Checking accounts are a great tool for money management allowing you lots of flexibility. They also offer security and replace the need to carry or store large amounts of cash. Unlike cash, if your checks are lost or stolen it’s inconvenient but you can put a hold on the account and prevent too much damage.
Practically every bank now offers some type of checking account to their customers. While the terms and features of these accounts vary greatly from bank to bank, the basic idea is the same. It’s a secure place to store your money after you receive it and before you spend it.
One of my favorite things about checking accounts is, unlike credit cards, they allow you to pay for purchases and bills upfront.
You get in the habit of responsible spending by ensuring you have the money before it’s spent. This is one the single most important things you can do to make sure you stay out of debt or don’t get in deeper.
Staying out of debt is worth the small amount of trouble to make sure you have the funds in your account before writing a check. You can easily do this by remembering to record all transactions in your check register.
It’s necessary to stay on top of this because you will be charged fees from both your bank and the company you wrote the check to if it bounces.
One way to avoid this is overdraft protection. This is basically a line of credit that kicks in if you go over the amount you have in your account. You will have to apply for this like a loan and your credit will be a factor. Also this money usually has to be paid back quickly. So it’s best to just keep up with how much goes in and comes out of your account.
Each month you should receive a statement in the mail that lists all debits and credits to your account. It’s very important to compare this statement to your check register and make sure it matches. This is called reconciling. That way if you forget to record a purchase, you can do it at that time.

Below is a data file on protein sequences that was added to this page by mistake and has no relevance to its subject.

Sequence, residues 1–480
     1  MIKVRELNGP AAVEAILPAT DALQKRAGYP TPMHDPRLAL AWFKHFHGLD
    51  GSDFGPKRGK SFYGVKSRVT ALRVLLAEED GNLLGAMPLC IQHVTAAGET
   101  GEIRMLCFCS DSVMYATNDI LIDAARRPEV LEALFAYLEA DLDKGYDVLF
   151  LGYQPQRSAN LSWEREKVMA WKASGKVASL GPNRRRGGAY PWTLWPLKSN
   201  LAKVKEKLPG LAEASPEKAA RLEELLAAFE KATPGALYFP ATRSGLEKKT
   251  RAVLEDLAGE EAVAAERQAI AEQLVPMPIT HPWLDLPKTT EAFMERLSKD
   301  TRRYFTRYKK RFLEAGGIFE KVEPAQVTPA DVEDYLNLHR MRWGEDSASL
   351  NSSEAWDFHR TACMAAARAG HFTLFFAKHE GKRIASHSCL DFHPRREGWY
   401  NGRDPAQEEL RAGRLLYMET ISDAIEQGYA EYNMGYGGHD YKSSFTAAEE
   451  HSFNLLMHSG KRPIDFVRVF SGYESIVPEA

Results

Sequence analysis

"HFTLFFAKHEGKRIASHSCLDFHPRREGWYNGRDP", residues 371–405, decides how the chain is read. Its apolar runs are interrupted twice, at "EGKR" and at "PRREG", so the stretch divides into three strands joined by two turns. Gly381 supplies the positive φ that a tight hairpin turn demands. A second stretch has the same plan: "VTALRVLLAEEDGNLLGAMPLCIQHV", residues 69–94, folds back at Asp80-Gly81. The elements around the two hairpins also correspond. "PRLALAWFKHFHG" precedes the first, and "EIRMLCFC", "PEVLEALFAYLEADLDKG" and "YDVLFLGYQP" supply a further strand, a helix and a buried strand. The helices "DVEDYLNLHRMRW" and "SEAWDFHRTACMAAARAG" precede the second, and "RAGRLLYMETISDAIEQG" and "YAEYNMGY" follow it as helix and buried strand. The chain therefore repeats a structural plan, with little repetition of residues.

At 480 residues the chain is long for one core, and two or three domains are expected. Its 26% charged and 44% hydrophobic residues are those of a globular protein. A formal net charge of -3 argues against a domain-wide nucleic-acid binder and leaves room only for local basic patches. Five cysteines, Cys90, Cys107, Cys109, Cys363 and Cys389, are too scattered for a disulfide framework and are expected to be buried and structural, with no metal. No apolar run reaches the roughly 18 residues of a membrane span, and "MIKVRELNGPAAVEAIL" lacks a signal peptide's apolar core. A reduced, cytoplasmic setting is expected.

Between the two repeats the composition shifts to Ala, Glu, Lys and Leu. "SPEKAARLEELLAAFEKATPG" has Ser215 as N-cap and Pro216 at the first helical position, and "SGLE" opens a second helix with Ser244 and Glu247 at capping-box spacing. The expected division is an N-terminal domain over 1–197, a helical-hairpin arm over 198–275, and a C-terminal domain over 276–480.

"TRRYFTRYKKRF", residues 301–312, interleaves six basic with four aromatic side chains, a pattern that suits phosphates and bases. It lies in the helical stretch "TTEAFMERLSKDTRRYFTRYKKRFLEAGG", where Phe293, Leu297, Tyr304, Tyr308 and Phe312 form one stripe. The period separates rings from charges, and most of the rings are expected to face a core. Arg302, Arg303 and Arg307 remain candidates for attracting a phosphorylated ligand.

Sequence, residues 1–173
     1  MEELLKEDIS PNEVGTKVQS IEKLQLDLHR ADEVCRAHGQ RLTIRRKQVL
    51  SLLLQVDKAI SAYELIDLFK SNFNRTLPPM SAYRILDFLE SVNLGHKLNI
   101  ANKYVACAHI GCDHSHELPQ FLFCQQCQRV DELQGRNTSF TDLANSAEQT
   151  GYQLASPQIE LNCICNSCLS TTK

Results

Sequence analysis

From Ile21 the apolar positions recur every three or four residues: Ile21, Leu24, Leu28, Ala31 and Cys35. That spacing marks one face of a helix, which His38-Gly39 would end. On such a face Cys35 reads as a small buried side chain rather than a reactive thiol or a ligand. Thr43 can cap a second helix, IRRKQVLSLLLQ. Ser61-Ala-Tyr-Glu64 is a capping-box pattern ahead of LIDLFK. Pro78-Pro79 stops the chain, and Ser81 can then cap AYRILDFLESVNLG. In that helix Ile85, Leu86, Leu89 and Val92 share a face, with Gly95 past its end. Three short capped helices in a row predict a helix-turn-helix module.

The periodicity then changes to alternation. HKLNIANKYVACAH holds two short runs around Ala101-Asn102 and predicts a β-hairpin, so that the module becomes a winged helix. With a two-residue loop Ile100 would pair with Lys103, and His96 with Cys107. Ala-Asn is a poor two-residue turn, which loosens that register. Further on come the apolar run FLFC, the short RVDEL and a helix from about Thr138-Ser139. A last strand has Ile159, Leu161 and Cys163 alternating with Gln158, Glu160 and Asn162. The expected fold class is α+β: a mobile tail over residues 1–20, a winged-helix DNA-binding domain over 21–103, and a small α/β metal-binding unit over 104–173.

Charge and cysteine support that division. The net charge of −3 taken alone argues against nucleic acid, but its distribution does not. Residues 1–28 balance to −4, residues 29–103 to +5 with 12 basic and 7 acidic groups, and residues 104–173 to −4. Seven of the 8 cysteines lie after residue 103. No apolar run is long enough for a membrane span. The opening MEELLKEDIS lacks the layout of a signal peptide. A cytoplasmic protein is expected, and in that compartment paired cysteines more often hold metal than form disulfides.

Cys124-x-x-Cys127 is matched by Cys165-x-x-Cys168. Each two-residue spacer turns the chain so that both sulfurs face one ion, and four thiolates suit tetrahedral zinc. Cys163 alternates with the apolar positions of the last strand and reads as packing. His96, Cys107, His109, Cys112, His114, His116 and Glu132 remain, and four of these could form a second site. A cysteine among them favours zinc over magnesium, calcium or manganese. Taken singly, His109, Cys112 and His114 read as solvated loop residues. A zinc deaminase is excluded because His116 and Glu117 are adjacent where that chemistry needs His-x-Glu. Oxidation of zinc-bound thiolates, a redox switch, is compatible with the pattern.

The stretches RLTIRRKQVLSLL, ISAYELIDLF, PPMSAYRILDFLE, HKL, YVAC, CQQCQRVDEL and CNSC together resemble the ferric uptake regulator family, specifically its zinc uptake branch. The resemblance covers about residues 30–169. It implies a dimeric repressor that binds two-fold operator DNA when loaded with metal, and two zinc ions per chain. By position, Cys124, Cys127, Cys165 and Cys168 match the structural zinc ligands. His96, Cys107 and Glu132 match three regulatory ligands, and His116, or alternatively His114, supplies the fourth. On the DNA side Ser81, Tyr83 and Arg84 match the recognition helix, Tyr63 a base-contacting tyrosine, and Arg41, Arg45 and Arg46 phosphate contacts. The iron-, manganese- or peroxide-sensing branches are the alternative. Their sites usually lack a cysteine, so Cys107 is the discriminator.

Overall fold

Most banks also offer the option to check account balances and transactions online. Some even offer 24-hour automated phone service that can give you account information anytime. This is a good thing if you want to use a debit card instead of carrying around a checkbook. Simply check and record the transactions from your computer or phone.
Another convenient option offered by most banks today is internet banking. This allows you to pay bills and transfer money online. Most utilities, phone companies and other service providers allow you to set up your payments to be automatically deducted from your checking account each month. They will send a statement or email confirming this and you should record it in your check register as soon as you receive it.
Online banking is very convenient, saves a lot of time and helps you avoid additional fees from late payments. You have to set up each bill initially but once it’s set up it basically runs on auto-pilot. This is good if your account limits the amount of checks you can write each month.
Talk with your banker and have them explain the different types of checking accounts they offer. Find out if they charge service fees for low balances or a surcharge for ATM usage. Ask it they offer debit cards and is there is a fee for that.
Also, check to see if there is a limit on the amount of checks you can write each month. Some banks have limits on free checking accounts and there is a fee charged if you go over. Tell your banker how you plan to use the account and they should be able to help you make the right choice.
When ordering your checks for the first time, it's a good idea to list your legal name (no nicknames), your mailing address, phone number and drivers license number on the check. This will save a lot of time at the check-out because most retailers require this information.
A good supplement to your checking account is a savings account. These are usually less flexible but pay interest and are a good place to save and grow any extra money you may have.From Checking Account to Banking Information